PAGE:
I wholeheartedly agreed with Elder Jack Gerard when he wrote in his recent Public Discourse piece, “People and institutions with traditional religious beliefs about marriage, family, gender, and sexuality face unprecedented challenges.” Elder Gerard and the leadership of the Church of Jesus Christ of Latter-Day Saints strongly believe that the Fairness For All Act (FFA) meets those unprecedented challenges by offering a fair compromise that will protect religious liberty while enshrining additional legal rights in federal law for individuals who identify as LGBT.
I have a high regard for the LDS Church and its leaders, having worked with them on several important projects, including managing the successful Proposition 8 campaign in California to define marriage in the state’s constitution. Yet despite my respect for the sponsors of the proposed law, I cannot support it.
The goal of the FFA is to reach a “live and let live” settlement with LGBT groups in a way that its sponsors believe addresses each side’s core interests. Religious groups would receive some statutory protections of their religious liberty rights, while LGBT groups would receive expanded legal rights in employment, public accommodations, and other areas. Unfortunately, the conflicts that exist in society today concerning sexual orientation and gender identity are not limited to religious liberty on one side and expanded LGBT rights on the other. Hence FFA does not represent a “settlement” of key issues, but instead a surrender on many of them.
The FFA Concedes Too Much
To illustrate, take just one of the most pressing current controversies: the impact on female athletes of defining sex under federal law to mean gender identity. Girls in high school and collegiate athletics increasingly find themselves competing against biological males who claim a female gender identity. The girls stand no realistic chance against biological males in contests of strength or speed. According to a study by two Duke University Law School professors, in 2017 the best time in the 100-meter sprint posted by a woman was outperformed more than 10,000 times by biologically male athletes. It is simply wrong to ask female athletes to compete against biological males. Doing so denies them the opportunity to showcase their talents in a fair competition, and even risks denying them future collegiate scholarships. Backers of FFA point to a provision that purports to prove that the legislation has no impact on Title IX, but that is of little comfort. Once sex becomes gender identity under federal law, in the marketplace of sports competition, girls will be crushed.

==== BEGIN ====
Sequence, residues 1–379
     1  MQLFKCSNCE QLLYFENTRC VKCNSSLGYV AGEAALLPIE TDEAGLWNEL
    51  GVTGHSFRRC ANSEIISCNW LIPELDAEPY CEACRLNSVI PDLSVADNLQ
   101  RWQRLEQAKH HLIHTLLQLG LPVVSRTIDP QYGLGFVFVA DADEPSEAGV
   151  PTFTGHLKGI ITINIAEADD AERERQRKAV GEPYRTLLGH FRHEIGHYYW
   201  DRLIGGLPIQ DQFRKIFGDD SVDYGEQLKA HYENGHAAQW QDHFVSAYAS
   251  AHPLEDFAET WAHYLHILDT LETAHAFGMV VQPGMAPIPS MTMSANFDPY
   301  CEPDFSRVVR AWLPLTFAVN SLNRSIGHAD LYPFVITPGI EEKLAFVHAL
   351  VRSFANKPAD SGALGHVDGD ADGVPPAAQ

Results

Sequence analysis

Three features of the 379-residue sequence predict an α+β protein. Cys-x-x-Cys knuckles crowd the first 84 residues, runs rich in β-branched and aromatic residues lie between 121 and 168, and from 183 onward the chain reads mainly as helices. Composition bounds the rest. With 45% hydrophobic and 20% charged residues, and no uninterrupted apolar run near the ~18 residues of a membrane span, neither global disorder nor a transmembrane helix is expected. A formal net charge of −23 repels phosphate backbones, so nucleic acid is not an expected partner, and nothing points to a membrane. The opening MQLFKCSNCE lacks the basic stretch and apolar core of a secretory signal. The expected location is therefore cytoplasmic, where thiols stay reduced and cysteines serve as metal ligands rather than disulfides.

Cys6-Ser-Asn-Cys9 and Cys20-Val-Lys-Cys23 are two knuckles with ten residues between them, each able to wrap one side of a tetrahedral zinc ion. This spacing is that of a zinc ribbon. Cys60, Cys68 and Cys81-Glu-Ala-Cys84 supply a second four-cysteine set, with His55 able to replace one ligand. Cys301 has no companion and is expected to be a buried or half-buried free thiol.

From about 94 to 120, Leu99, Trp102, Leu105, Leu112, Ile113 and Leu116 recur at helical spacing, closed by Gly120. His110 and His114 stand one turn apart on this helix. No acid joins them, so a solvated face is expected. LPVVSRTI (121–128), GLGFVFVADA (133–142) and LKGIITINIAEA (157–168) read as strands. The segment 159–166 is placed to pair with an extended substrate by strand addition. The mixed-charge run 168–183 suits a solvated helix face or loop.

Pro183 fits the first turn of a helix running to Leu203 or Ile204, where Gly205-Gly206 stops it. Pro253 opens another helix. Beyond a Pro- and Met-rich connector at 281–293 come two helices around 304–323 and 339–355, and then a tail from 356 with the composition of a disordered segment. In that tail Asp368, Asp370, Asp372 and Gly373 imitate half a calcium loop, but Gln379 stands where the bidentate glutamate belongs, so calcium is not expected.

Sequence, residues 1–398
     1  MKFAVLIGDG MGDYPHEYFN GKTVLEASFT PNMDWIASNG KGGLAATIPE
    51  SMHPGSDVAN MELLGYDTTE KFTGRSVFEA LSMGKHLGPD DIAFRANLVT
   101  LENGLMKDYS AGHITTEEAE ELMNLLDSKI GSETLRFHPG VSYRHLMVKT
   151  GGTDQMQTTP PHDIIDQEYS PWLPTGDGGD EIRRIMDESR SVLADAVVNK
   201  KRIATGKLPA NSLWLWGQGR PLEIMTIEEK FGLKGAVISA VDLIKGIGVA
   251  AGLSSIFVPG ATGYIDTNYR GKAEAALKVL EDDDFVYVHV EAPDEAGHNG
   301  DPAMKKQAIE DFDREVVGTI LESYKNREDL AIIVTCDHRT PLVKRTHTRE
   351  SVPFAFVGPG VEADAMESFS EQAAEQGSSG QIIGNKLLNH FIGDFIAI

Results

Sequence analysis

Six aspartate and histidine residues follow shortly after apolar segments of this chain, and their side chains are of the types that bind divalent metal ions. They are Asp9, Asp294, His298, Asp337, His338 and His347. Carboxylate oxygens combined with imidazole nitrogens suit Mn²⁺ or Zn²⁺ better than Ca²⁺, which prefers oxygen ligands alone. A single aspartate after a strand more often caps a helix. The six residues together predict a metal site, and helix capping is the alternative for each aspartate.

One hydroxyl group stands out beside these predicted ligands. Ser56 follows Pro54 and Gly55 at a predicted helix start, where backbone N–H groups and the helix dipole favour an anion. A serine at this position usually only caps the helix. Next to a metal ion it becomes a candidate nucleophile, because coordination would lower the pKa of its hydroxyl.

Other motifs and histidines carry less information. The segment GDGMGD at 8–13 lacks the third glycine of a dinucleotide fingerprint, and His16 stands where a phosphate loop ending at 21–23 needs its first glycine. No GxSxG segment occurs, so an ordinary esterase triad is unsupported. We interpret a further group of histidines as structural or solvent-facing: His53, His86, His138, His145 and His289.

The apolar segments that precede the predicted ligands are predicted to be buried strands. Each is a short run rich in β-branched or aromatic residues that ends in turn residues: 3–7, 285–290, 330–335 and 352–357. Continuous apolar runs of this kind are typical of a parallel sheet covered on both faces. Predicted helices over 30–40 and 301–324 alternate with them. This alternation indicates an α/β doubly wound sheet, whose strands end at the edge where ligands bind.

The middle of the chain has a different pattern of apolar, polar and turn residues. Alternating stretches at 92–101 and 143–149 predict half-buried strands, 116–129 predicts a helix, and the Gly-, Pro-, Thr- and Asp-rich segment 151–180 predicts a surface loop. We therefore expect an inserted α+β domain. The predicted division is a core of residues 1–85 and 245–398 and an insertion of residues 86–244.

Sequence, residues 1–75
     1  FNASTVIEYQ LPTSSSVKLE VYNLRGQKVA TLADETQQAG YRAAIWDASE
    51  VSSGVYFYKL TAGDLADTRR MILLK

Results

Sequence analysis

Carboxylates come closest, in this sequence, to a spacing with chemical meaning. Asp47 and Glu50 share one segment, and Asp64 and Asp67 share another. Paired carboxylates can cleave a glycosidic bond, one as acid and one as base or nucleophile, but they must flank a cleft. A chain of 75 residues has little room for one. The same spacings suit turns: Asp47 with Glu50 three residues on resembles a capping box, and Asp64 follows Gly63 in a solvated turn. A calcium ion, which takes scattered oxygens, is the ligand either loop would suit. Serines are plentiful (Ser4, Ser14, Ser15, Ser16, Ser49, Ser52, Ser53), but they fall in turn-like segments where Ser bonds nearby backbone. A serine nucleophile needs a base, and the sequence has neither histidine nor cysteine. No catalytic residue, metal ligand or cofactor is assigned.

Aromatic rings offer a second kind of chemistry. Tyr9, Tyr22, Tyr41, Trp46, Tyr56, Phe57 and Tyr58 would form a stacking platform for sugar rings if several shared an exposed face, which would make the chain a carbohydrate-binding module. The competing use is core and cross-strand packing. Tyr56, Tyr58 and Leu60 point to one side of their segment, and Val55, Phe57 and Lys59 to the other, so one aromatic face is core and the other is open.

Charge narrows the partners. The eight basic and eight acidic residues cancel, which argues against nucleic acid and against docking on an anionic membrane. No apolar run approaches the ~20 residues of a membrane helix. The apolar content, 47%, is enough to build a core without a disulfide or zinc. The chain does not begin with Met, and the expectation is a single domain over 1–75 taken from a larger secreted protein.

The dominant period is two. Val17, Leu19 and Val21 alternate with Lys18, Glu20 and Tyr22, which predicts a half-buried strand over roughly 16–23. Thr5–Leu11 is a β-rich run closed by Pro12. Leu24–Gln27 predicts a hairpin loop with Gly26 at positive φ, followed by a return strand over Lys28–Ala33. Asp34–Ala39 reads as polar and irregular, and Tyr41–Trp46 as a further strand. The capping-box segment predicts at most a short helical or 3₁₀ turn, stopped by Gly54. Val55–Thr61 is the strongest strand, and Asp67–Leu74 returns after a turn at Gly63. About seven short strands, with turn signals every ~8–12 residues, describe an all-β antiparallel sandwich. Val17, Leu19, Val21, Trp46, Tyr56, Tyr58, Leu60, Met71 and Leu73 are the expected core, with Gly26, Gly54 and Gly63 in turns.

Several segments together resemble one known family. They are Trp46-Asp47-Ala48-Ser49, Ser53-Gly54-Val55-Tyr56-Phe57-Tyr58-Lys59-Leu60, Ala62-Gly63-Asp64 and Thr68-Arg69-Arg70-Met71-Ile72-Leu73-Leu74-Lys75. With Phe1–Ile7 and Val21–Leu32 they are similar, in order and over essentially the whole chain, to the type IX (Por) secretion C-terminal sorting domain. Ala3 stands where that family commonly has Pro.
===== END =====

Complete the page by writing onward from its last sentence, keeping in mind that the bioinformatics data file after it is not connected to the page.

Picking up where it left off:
Gone, too, will be women’s privacy when biological men are guaranteed access to intimate areas such as locker rooms, showers, and restrooms. Women’s safety and security are also risked when biological men are granted access to female homeless centers, drug rehabilitation facilities, and even domestic violence centers.
Also sacrificed on the altar of political correctness is adherence to the historic, universal understanding of the bodily reality of human beings. Throughout history, people have distinguished men from women based in large part on physical, bodily differences. These distinctions are not religiously based. A person (religious or not) may simply not accept the underlying premise that bodily sex is distinct from gender identity. Such an understanding is not discrimination. Until the last few seconds of human history, it has been common sense.
Elder Gerard and other backers of FFA do not, of course, think they are surrendering ground on these issues. Rather, they believe that the ground is already lost, or soon will be. Indeed, Elder Gerard makes an impassioned plea to act immediately, “to reach a sustainable and balanced resolution while there’s still time.” In doing so, however, he concedes far too much. For example, he writes that “The Supreme Court’s 2015 decision in Obergefell holding that same-sex marriage is a federal constitutional right . . . [is] already a permanent part of our constitutional and civil rights law.”
Really? Obergefell was decided on a 5-4 vote. Its author is no longer on the Court, having been replaced by a far more conservative jurist. The late Justice Ruth Bader Ginsburg has been replaced by a strong Catholic champion of marriage and religious liberty, Amy Coney Barrett. Moreover, two justices, Clarence Thomas and Samuel Alito, recently made public comments seemingly inviting a challenge to Obergefell. Rather than declare Obergefell to be settled and permanent, people of goodwill should instead be working together on strategies to challenge and reverse it.
The FFA Is a Non-Starter